2019 United Kingdom general election

The 2019 United Kingdom general election was held on Thursday, 12 December 2019. It resulted in the Conservative Party receiving a landslide majority of 80 seats.[n 5] The Conservatives made a net gain of 48 seats and won 43.6% of the popular vote – the highest percentage for any party since 1979.[3]

2019 United Kingdom general election

 2017 12 December 2019 Next 

All 650 seats in the House of Commons
326[n 1] seats needed for a majority
Opinion polls
Registered47,568,611
Turnout67.3% ( 1.5 pp)[2]
  First party Second party
 
Leader Boris Johnson Jeremy Corbyn
Party Conservative Labour
Leader since 23 July 2019 12 September 2015
Leader's seat Uxbridge and
South Ruislip
Islington North
Last election 317 seats, 42.4% 262 seats, 40.0%
Seats won 365 202[n 2]
Seat change 48 60
Popular vote 13,966,454 10,269,051
Percentage 43.6% 32.1%
Swing 1.2 pp 7.9 pp

  Third party Fourth party
 
Leader Nicola Sturgeon Jo Swinson
Party SNP Liberal Democrats
Leader since 14 November 2014 22 July 2019
Leader's seat Did not stand[n 3] East Dunbartonshire
(defeated)
Last election 35 seats, 3.0% 12 seats, 7.4%
Seats won 48[n 4] 11
Seat change 13 1
Popular vote 1,242,380 3,696,419
Percentage 3.9% 11.6%
Swing 0.8 pp 4.2 pp

A map presenting the results of the election, by party of the MP elected from each constituency.

Composition of the House of Commons after the election

Prime Minister before election

Boris Johnson
Conservative

Prime Minister after election

Boris Johnson
Conservative

Having failed to obtain a majority in the 2017 general election, the Conservative Party had faced prolonged parliamentary deadlock over Brexit while it governed in minority with the support of the Democratic Unionist Party (DUP). This situation led to the resignation of the Prime Minister, Theresa May, and the selection of Boris Johnson as Conservative leader and Prime Minister in July 2019. Johnson could not induce Parliament to approve a revised withdrawal agreement by the end of October, and chose to call for a snap election, which the House of Commons supported via the Early Parliamentary General Election Act 2019.[4] Opinion polls up to polling day showed a firm lead for the Conservatives against the Labour Party throughout the campaign.[5]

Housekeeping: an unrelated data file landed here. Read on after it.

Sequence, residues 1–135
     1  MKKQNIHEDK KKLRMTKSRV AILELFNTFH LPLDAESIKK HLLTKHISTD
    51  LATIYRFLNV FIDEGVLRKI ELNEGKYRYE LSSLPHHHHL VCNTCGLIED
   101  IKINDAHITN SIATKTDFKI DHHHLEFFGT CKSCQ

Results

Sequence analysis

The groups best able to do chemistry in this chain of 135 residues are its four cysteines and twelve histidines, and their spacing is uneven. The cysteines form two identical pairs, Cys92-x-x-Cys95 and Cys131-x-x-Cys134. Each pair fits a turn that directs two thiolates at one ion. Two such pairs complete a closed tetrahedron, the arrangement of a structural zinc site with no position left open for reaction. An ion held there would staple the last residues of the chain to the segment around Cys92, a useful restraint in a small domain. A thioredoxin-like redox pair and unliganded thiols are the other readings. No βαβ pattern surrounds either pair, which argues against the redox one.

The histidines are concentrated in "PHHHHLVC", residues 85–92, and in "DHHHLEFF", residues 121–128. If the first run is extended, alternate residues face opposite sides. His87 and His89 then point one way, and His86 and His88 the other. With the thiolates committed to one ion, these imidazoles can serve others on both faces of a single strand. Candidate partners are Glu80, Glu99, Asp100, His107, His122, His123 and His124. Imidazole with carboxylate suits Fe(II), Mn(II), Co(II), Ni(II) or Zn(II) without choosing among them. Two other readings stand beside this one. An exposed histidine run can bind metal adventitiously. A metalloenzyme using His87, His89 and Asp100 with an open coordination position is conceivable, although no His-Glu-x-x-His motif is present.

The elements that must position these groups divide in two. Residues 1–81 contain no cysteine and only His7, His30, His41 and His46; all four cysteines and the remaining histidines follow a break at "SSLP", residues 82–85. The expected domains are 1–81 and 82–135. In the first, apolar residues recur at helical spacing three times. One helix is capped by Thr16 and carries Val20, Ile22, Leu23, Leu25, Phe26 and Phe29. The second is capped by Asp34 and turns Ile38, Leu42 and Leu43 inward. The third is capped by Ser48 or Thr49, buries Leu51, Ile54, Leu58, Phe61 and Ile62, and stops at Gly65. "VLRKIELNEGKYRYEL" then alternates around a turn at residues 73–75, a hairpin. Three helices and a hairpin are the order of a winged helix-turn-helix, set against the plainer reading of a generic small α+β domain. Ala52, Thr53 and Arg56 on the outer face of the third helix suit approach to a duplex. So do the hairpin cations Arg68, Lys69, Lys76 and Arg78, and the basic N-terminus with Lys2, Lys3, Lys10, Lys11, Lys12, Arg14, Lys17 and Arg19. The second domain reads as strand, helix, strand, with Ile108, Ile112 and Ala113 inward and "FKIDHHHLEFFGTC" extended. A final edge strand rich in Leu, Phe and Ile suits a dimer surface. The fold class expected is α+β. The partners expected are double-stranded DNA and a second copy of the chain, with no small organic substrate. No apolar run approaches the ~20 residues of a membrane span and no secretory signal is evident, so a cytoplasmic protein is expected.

The Conservatives won 365 seats, their highest number and proportion of seats since 1987, and recorded their highest share of the popular vote since 1979; many of their gains were made in long-held Labour seats, dubbed the 'red wall', which had registered a strong 'Leave' vote in the 2016 EU referendum. Labour won 202 seats, its lowest number and proportion of seats since 1935.[6][7][8] The Scottish National Party (SNP) made a net gain of 13 seats and won 3.9% of the UK vote (translating to 45% of the popular vote in Scotland), resulting in 48 out of 59 seats won in Scotland.[9] The Liberal Democrats improved their vote share to 11.6% but won only 11 seats, a net loss of one since the last election.[10] The DUP won a plurality of seats in Northern Ireland. There, the SDLP and Alliance regained parliamentary representation as the DUP lost seats.

The election result gave Johnson the mandate he sought from the electorate to formally implement the UK’s departure from the European Union on 31 January 2020 and repeal the European Communities Act 1972, thereby ending hopes[citation needed] of the Remain movement of overturning the result of the 2016 referendum. Labour's defeat led to Jeremy Corbyn conceding defeat and announcing his intention to resign, triggering a leadership election won by Keir Starmer.[8][11] For Liberal Democrat leader Jo Swinson, the loss of her constituency seat compelled her to resign as well, triggering a leadership election,[10] which was won by Ed Davey.[12] The party's leader in Wales, Jane Dodds, was also unseated.[13] For the SNP leader, Nicola Sturgeon, her party's landslide victory in Scotland led to renewed calls for a second independence referendum.[9] In Northern Ireland, nationalist MPs outnumbered unionist ones for the first time, although the unionist popular vote remained higher (43.1%). As a result of the election being called, the Speaker of the House of Commons, John Bercow, resigned the Speakership.[14][15] Sir Lindsay Hoyle was subsequently elected to replace him.[16]


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